• Some children respond very well to the idea that being in their own bed means they are more independent or grown up. Try giving them freedom and responsibilities during the day and link this to how independent they can be at night by sleeping on their own. If the issues or fears are more complex, a consultation with me could help resolve the problem. Alternatively, you could consult books or a sleep practitioner.

A client's story about sleeping

Jane and Douglas came to see me about Amber, their 3 year old who had never slept through the night. During the first session I established a really good understanding of Amber’s character, their routines, when the hot-spots occurred and also Jane and Douglas’s experience of being parents. Quite often in these situations, you find that one parent plays ‘good cop’ and the other plays ‘bad cop’. This was the case with these two – Jane was ‘good cop’ and Douglas ‘bad cop’. We looked at how to align their parenting styles to make it work for Amber. Jane agreed to be more consistent and Douglas to be more positive and understanding.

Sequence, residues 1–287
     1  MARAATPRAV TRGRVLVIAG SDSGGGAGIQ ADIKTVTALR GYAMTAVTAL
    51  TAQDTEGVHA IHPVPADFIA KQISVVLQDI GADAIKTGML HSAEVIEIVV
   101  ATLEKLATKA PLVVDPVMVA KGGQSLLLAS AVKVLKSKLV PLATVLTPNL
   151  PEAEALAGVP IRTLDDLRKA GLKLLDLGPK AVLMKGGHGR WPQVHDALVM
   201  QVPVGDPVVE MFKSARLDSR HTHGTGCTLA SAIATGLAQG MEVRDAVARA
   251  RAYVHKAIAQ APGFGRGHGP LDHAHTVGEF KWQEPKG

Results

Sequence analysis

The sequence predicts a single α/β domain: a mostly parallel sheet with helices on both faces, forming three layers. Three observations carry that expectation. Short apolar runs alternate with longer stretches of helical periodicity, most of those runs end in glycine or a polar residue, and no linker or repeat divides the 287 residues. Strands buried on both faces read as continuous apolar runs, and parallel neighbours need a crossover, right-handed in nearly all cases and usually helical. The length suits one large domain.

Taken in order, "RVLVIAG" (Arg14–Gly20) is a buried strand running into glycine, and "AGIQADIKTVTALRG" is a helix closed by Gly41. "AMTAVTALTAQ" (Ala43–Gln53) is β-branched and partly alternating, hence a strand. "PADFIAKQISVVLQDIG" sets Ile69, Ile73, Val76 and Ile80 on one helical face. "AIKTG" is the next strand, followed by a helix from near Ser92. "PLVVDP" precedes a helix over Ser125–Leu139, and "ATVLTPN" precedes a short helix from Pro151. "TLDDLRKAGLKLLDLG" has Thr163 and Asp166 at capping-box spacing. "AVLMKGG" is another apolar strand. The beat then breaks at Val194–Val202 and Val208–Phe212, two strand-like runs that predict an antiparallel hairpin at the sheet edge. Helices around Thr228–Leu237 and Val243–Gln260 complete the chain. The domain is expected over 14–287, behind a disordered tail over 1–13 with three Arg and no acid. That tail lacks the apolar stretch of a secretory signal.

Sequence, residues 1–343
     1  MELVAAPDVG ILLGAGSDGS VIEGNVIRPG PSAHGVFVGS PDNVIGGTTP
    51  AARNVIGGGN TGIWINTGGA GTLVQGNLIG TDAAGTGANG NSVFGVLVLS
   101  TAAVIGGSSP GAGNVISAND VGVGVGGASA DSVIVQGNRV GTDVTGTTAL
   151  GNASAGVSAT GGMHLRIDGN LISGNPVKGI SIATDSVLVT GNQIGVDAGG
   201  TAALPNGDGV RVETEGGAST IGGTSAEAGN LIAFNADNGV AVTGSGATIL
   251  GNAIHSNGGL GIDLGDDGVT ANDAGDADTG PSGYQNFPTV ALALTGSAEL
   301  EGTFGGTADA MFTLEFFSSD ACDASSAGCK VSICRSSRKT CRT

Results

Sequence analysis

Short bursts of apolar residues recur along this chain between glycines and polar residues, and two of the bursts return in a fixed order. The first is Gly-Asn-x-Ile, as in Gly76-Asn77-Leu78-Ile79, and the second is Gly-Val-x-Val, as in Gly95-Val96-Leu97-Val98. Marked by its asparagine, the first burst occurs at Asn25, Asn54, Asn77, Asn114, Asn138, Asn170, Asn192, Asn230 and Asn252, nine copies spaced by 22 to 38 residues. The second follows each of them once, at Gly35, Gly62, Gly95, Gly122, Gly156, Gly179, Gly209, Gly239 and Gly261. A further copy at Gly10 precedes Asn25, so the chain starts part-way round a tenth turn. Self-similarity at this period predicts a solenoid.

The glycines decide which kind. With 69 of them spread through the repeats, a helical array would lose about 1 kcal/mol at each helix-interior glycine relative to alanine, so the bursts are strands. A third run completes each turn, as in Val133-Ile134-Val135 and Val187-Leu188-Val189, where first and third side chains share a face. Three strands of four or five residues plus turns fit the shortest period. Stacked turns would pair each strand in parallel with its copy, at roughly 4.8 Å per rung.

It turned out that cooperation wasn’t just an issue at bedtime. There were frequent incidents during the day when Amber refused to do what was asked; arguments and threats ensued, with Jane giving in ‘for a quiet life’. We talked about the downsides of giving in and the confusing message it gives to the child. Over four sessions we achieved a huge amount. We worked out a plan of action and practised newer and more positive ways of communicating with Amber. As a routine was established and Jane and Douglas stuck to it consistently, Amber’s day became more predictable and calmer. They helped Amber create a flow chart, showing her bedtime routine and the progression of time to get into bed. She stopped using her dummy with no trauma whatsoever, she stopped having tantrums every five minutes and she became so much happier and more cooperative. The progress was so fantastic that after the four sessions, and for the first time, Jane and Douglas were able to take Amber on holiday. Even in a strange environment and with a babysitter she didn’t know, Amber went to bed happily and slept through the night. Jane and Douglas were able to go out for dinner and have an undisturbed night’s sleep.

* names have been changed